According to the policy briefing, “the unparalleled education disruption” from the pandemic is far from over and as many as 100 countries have not yet announced a date for schools to reopen.

Guterres called for action in four key areas, the first being reopening schools. “Once local transmission of Covid-19 is under control,” he said, “getting students back into schools and learning institutions as safely as possible must be a top priority.”

Guterres said increasing financing for education must be given priority. Before the pandemic, low- and middle-income countries faced an education funding gap of $1.5 trillion annually, he said, and the gap in education financing globally could increase by 30% because of the pandemic.

The secretary-general said education initiatives must target “those at greatest risk of being left behind”, including youngsters in crises, minorities, and the displaced and disabled. And these initiatives should urgently seek to bridge the digital divide that has become even more evident during the Covid-19 crisis, he said.

On a positive note, Guterres said the pandemic is providing “a generational opportunity to reimagine education” and leap forward to systems that deliver quality education.

Ameeta Mulla Wattal, principal of Delhi’s Springdales School, said: “There is no doubt this is one of the greatest human crises that has taken place. And its largest impact has been felt on children — regular students, more so children in rural areas across the world because they have absolutely no access to education. So there is no doubt an entire aspect of learning that will be affected by the pandemic because there are these ages of learning that will face a gap at different levels because of the pandemic, whether it is the foundation, primary, middle level or another level.”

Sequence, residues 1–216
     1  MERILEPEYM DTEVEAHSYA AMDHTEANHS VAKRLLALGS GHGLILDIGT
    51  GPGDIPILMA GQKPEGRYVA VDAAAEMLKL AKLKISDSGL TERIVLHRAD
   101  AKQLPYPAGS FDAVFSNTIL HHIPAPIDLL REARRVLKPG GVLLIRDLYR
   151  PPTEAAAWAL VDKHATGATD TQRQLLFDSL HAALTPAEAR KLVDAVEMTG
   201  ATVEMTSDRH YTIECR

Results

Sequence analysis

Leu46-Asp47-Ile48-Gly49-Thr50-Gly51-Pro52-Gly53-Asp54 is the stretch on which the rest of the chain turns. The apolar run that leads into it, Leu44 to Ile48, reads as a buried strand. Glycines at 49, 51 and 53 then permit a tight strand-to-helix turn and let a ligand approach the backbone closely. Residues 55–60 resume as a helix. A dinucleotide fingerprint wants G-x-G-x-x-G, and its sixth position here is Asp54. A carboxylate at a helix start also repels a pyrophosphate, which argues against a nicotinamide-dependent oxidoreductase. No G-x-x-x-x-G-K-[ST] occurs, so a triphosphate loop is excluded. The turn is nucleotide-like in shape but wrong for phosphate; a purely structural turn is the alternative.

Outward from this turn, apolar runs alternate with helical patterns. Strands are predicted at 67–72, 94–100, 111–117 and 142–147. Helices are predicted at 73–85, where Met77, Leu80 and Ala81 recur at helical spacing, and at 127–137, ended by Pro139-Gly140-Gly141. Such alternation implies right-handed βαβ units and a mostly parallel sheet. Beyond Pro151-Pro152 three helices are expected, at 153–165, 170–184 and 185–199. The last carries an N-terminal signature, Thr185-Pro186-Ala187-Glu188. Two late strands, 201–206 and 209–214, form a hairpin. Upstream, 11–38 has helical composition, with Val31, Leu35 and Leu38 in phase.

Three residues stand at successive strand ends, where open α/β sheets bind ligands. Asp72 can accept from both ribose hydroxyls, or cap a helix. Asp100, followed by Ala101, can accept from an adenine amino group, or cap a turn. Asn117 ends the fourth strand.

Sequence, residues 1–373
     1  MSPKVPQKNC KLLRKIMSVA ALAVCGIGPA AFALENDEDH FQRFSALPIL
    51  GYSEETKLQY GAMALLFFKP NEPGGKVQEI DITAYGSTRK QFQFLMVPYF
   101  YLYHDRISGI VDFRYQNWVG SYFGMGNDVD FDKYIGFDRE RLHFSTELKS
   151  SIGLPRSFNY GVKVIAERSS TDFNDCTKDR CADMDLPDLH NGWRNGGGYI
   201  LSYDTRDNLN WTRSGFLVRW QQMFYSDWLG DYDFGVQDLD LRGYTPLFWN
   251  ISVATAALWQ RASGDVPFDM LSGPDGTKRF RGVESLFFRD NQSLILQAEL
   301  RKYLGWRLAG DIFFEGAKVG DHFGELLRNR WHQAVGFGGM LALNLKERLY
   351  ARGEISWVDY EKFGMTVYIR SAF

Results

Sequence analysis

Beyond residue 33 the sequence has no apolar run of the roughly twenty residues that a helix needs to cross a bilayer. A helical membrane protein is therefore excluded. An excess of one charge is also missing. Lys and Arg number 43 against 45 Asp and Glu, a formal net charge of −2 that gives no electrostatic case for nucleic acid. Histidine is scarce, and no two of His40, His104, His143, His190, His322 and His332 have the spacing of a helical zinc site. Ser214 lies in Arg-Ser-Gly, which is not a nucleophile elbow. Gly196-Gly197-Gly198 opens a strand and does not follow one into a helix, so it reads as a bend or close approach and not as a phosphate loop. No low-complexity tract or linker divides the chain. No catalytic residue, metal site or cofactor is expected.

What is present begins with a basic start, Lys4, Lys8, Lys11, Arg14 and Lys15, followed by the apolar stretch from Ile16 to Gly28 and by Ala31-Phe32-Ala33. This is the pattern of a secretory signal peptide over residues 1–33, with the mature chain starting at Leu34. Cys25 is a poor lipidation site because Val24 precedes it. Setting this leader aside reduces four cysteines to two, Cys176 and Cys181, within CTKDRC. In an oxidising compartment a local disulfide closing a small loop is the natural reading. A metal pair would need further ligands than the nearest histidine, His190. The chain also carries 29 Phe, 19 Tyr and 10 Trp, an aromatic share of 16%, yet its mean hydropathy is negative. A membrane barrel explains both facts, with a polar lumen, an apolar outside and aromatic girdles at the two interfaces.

Educationist Meeta Sengupta said that the “continuity of learning” is the first step for bringing back students to classrooms whenever the schools reopen.

“We need to start working as a community to create a mesh network of the internet to make it available to the poor. There should be measures to raise funds for digital devices and internet connection to enable children from poor families to continue learning at their homes. The continuity should not break because once students step out of learning; coming back is very difficult. The relationship between students and schools should be continued,” she said.

Findings from a National Statistical Office survey on social consumption on education, conducted in 2017-18, show that India’s gross enrolment ratio was 99.2 between primary and middle school education level. It is the ratio of the number of persons currently enrolled in a particular level of education to the number of persons in the corresponding official age group. For example, the ratio of 99.2 in primary to middle school level means for every 100 persons in the age group of 6 to 13 years, there are 99.2 students enrolled in Classes 1 to 8. To be sure, this does not mean nearly everyone in the age group of 6 to 13 years is enrolled in school because some of the students in Classes 1 to 8 would be students from other age groups, particularly above the age of 13, who enrol at a age higher than the one recommended.